Winter months on Hilton Head Island may seem balmy and warm to many traveling brides. December and January yield average daytime temperatures ranging from 50-60 degrees. To many folks living in Cleveland, Philadelphia or other areas, a 50-60 degree day in December or January is a dream forecast! In addition to pleasant temperatures in the winter months, brides may be pleasantly surprised to find that many locations offer special winter rates, making budget planning much more enjoyable.

When planning a winter wedding, you will want to keep the holidays in mind. There are two sides to consider. On the negative side, the idea of a ringing in the New Year as a new bride might be appealing to bride and groom, but making a trip just after unloading paychecks for holiday presents might make a destination wedding seem more of a chore than a vacation for guests. But as there is always good with bad, there are also positives to planning a wedding around the holidays. A recent bride from Atlanta with a guest list that kept growing and growing, strategically selected the Saturday after Thanksgiving as she knew this date would likely trim her list down. One last detail to consider when planning a wedding around the holidays is décor. Does the location you have selected provide holiday décor, and if so, does that go with your wedding décor? To each their own, but if sleigh bells and a chubby man in a red suit are not your idea of a wedding backdrop, it is wise to ask if the décor may be removed for your wedding.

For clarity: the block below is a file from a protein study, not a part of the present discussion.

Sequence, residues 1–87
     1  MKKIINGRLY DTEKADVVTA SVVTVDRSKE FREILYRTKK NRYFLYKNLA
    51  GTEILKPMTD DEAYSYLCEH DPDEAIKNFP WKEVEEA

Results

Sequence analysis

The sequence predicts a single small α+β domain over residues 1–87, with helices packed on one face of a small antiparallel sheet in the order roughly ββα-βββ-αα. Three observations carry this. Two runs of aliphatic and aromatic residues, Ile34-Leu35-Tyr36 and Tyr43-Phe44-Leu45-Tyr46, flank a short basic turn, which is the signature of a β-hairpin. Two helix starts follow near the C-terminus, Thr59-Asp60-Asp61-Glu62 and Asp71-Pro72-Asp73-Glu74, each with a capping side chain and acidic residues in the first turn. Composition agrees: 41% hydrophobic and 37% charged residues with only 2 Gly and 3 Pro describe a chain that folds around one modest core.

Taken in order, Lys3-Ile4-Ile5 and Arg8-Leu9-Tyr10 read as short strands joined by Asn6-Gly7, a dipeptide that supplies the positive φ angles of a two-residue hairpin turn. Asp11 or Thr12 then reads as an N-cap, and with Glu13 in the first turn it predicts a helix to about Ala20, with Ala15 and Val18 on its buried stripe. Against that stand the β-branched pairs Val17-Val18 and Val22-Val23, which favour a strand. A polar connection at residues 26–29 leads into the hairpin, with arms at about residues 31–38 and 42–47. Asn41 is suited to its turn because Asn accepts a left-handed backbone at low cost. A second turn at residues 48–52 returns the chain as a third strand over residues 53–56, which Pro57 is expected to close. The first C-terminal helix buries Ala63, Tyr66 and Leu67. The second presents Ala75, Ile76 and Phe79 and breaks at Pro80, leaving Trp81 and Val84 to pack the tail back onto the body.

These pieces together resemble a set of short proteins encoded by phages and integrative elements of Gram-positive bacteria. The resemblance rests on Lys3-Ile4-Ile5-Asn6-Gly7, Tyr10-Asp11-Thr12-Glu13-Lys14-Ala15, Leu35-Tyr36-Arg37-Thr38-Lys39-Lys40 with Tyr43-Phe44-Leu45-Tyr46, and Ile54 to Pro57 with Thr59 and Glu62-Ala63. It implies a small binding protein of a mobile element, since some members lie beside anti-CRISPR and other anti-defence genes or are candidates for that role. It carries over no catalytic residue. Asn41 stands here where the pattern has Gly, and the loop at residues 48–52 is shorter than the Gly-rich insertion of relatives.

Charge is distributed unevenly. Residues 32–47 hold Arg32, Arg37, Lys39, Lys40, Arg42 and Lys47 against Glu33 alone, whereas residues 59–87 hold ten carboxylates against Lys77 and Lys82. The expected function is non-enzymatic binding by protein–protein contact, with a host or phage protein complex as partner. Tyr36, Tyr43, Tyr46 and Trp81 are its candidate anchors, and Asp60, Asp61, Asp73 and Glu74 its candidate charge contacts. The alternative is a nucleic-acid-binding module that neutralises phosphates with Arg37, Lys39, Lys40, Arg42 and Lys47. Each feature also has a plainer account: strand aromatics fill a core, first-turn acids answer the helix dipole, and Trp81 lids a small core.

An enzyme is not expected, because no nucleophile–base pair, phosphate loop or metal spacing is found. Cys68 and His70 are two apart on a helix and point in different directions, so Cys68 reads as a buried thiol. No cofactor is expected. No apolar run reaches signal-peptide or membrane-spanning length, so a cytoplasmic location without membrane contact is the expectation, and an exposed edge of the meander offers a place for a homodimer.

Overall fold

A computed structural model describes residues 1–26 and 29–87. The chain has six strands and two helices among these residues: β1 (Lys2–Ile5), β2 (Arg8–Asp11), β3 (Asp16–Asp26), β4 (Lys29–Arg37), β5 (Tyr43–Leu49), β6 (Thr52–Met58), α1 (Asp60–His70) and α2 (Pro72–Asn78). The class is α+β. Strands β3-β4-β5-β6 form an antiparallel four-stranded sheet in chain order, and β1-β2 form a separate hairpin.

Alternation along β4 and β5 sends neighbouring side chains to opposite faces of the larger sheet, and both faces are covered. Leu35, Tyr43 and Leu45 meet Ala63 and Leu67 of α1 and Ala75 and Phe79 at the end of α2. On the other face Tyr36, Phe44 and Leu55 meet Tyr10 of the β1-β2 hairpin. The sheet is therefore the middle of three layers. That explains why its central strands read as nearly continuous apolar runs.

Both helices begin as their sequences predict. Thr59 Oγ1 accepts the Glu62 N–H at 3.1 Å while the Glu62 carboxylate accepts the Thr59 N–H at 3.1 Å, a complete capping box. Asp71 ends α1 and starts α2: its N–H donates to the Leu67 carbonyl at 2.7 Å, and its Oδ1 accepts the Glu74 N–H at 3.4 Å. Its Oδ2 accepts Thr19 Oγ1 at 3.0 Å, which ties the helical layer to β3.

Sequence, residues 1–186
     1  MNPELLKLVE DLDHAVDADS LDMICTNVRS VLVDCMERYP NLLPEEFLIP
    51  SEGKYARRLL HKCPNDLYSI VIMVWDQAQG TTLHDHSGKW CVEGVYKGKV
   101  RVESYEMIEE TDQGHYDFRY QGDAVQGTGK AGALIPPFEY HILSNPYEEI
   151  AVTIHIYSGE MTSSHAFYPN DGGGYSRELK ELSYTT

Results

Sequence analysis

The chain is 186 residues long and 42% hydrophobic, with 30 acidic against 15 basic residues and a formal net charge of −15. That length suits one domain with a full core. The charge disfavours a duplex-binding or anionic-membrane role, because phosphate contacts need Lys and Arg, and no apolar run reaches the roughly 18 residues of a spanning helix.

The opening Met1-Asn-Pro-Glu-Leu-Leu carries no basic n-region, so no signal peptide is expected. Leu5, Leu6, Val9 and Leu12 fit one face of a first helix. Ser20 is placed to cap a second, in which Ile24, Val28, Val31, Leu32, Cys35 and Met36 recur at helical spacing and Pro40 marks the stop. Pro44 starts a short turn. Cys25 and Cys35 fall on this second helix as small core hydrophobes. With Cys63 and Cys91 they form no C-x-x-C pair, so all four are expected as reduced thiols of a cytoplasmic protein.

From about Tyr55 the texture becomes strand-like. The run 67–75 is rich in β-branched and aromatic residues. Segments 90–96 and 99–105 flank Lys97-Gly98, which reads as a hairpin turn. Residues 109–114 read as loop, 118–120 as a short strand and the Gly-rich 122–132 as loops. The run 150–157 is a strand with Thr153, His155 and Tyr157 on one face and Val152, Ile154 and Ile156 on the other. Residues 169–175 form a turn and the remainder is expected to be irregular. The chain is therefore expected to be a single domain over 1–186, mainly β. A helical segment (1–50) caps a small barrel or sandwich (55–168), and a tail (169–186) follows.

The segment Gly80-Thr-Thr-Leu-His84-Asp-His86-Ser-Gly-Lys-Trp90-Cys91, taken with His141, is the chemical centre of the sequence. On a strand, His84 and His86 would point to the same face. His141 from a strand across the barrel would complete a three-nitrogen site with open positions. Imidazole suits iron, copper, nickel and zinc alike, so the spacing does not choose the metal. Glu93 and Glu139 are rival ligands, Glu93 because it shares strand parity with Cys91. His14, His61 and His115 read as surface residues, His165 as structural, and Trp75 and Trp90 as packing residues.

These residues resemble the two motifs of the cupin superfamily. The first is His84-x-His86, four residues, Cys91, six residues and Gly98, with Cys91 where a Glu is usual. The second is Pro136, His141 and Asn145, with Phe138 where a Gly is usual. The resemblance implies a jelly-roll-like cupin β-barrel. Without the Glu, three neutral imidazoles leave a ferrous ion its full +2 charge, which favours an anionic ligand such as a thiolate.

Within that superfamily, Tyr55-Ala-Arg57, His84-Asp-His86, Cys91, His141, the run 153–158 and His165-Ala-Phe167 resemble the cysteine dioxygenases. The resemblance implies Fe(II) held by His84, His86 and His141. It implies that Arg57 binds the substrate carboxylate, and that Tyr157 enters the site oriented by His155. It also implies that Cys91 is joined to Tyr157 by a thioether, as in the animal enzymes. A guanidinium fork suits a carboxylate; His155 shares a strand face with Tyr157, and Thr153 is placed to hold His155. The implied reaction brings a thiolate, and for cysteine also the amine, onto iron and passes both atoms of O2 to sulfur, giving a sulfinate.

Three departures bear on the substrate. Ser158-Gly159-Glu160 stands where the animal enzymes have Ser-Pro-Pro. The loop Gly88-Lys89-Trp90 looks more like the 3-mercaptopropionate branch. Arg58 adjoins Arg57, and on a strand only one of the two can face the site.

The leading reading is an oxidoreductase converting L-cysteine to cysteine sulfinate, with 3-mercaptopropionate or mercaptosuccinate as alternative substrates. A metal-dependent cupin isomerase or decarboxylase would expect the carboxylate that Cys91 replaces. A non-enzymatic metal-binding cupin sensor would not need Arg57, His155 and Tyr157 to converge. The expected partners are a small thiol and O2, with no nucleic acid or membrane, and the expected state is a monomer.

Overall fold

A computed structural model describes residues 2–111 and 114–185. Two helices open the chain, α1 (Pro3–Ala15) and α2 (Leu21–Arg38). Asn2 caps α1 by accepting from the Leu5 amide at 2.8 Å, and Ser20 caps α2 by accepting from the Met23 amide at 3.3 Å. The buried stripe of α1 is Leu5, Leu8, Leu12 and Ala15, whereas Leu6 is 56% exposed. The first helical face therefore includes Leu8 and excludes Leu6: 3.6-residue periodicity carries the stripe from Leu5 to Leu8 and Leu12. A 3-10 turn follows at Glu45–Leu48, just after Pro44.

All in all, it is easy to see why Hilton Head Island has grown as a premiere wedding destination. It offers beauty only inspired by Mother Nature, with stretches of soft white beaches, centuries-old moss-draped Spanish Oaks, picture perfect sunsets as well as the grace and kindness from its local residents, ease for guests to travel and unlimited resources for activities beyond wedding events in terms of accommodations shopping, dining and endless recreation. It’s no wonder brides can’t think of a better place to say “I do,” and with a little careful planning everything can and will be perfect.

Author Allison Weinman and Molly Kennedy